Summons and Complaint Filed in 35W Bridge Collapse
Summons and complaint filed against URS Corporation and Progressive Contractors Incorporated, by TSR Injury Law, on behalf of a 35W bridge collapse survivor.
The complaint includes an overview of the disaster:
- On August 1, 2007, the I-35W Bridge (“Bridge”) north of downtown Minneapolis collapsed into the Mississippi River.
- The Bridge collapse was the State’s worst man-made disaster. The Bridge collapse killed 13 people and injured over 145 people.
- The Bridge collapse never should have happened.
- The Bridge collapse was entirely avoidable.
- The Bridge collapse occurred because of the wrongdoing by Defendants URS Corporation and Progressive Contractors Incorporated, both of whom breached duties to the People of the State of Minnesota and the motoring public, including the Plaintiff.
DEFENDANT: URS Corporation (URS)
Defendant URS is a foreign, for-profit, engineering firm with more than 50,000 employees working in approximately 370 offices and job sites in more than 30 different countries. They are licensed to do business in the State of Minnesota. URS represents itself as a “world leader in infrastructure design and engineering”, which is “at the forefront of efforts to restore deteriorating and obsolete infrastructure” (e.g. bridges). Defendant URS held itself as an “expert” in the analysis and remediation of non-redundant truss bridges like the Bridge. Defendant URS even states: “WE BELIEVE THAT EVERY ACCIDENT IS PREVENTABLE.”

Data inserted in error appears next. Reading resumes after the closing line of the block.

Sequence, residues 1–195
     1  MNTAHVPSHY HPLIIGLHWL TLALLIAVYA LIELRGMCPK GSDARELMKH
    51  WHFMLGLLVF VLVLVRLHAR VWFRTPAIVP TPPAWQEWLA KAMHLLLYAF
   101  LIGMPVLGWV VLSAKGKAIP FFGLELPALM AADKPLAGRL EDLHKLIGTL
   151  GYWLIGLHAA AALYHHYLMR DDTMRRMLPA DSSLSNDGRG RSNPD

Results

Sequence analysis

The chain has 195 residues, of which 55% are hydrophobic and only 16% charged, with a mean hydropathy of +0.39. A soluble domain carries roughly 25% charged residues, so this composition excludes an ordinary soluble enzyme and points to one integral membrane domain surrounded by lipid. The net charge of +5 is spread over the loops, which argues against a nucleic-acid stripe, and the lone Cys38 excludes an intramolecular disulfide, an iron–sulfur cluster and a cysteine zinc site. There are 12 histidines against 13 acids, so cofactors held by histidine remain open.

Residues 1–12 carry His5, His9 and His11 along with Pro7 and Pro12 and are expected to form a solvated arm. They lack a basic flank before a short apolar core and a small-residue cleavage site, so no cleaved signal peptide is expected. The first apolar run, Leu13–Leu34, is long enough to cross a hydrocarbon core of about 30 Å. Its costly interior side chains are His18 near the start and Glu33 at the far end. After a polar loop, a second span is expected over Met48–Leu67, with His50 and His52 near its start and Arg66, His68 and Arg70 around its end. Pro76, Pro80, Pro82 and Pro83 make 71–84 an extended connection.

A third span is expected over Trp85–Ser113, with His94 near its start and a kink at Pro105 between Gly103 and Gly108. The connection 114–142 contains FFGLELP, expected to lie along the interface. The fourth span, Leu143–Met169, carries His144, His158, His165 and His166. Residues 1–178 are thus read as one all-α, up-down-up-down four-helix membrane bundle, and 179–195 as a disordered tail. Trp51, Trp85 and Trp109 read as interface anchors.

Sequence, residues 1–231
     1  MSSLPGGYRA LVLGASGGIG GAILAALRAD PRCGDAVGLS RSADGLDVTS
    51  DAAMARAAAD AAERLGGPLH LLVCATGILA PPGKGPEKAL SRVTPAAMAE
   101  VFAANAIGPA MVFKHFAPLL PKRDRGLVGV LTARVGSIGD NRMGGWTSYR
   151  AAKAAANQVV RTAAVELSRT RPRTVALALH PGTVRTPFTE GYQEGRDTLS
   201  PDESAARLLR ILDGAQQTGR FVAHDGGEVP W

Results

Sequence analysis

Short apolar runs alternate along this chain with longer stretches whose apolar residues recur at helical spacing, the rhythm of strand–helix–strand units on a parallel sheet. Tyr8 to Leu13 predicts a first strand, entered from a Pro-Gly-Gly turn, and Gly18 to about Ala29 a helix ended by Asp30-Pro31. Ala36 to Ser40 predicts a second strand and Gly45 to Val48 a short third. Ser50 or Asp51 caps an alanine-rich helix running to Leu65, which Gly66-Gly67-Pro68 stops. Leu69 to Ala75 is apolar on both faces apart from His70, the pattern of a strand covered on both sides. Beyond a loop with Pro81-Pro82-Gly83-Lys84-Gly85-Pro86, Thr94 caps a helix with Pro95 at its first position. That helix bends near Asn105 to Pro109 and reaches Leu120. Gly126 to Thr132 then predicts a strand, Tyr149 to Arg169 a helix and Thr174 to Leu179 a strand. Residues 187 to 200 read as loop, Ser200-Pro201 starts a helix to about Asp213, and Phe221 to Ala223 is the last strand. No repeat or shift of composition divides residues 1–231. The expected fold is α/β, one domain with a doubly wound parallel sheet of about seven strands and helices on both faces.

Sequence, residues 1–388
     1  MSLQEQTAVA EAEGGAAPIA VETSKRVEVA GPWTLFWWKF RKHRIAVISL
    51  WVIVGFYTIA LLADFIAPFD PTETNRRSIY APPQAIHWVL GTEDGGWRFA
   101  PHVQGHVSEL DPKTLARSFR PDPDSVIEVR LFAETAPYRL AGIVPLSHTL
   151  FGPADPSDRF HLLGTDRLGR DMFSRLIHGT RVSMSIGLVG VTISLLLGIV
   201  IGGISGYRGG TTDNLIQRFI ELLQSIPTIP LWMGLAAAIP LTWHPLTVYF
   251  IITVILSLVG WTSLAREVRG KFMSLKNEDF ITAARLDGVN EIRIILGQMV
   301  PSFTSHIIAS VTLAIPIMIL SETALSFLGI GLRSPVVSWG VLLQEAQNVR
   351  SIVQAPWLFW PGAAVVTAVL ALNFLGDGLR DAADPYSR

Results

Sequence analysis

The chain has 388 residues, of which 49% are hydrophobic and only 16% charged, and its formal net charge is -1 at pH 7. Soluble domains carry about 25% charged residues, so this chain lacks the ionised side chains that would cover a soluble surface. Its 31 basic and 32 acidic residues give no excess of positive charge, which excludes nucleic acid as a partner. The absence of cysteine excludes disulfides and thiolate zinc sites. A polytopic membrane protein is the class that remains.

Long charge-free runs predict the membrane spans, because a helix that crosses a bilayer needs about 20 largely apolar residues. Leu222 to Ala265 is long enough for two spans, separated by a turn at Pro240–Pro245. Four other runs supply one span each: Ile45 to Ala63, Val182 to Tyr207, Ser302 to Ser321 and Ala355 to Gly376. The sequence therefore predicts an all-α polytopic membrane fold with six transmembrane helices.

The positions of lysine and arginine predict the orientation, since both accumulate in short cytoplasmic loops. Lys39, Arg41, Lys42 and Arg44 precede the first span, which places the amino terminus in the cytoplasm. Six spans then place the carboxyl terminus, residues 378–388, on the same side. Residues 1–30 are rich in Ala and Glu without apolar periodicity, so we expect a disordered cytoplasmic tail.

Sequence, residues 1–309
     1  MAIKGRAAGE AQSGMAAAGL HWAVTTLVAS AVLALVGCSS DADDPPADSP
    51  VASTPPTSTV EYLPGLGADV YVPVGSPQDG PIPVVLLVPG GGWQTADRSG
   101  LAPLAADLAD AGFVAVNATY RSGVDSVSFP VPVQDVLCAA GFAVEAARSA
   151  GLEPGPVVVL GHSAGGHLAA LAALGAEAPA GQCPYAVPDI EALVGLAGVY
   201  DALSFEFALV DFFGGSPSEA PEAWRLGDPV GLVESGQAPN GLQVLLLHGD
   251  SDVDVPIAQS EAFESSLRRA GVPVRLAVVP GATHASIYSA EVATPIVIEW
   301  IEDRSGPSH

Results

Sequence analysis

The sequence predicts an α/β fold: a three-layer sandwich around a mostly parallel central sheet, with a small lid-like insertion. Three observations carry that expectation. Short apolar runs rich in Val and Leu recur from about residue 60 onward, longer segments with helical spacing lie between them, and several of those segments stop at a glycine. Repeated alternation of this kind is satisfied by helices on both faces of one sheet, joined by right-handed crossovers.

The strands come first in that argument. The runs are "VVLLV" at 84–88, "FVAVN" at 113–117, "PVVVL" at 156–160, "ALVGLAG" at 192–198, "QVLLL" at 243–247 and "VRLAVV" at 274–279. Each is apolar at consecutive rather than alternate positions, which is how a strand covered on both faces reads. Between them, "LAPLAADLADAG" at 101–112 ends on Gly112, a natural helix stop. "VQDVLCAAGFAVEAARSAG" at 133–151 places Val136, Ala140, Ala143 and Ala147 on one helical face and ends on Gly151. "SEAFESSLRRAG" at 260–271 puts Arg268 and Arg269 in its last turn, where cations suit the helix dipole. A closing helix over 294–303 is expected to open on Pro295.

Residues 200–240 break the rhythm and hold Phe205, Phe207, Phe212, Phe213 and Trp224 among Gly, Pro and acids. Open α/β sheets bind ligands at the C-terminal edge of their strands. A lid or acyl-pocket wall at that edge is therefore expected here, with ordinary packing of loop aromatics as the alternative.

DEFENDANT: Progressive Contractors Incorporated (PCI)
Defendant PCI is a Minnesota domestic, for-profit corporation that provides bridge and highway contractor services.
History of the 35W Bridge
The Bridge was built in the early 1960s through contracts issued by the Minnesota Department of Highways (now known as the Minnesota Department of Transportation “Mn/DOT”). The Bridge was a truss bridge composed of connected elements that were stressed from tension and/or compression in response to dynamic loads and forces. The Bridge was also a “non-redundant” and “fracture-critical” bridge, meaning that the entire Bridge could (and did) collapse upon the failure of one critical element.
In 2003, Mn/DOT sought the expert advice of Defendant URS for the purpose of analyzing the Bridge’s integrity and safety and obtaining recommendations to ensure the Bridge’s integrity for the safety of the motoring public.
In that same year, Mn/DOT and Defendant URS entered into a series of contracts whereby URS promised and undertook to fully inspect and evaluate the Bridge’s integrity and safety and make recommendations to ensure the Bridge’s ongoing safety and integrity.
URS, among other things, specifically promised and undertook to:
- Participate in annual inspections of the Bridge;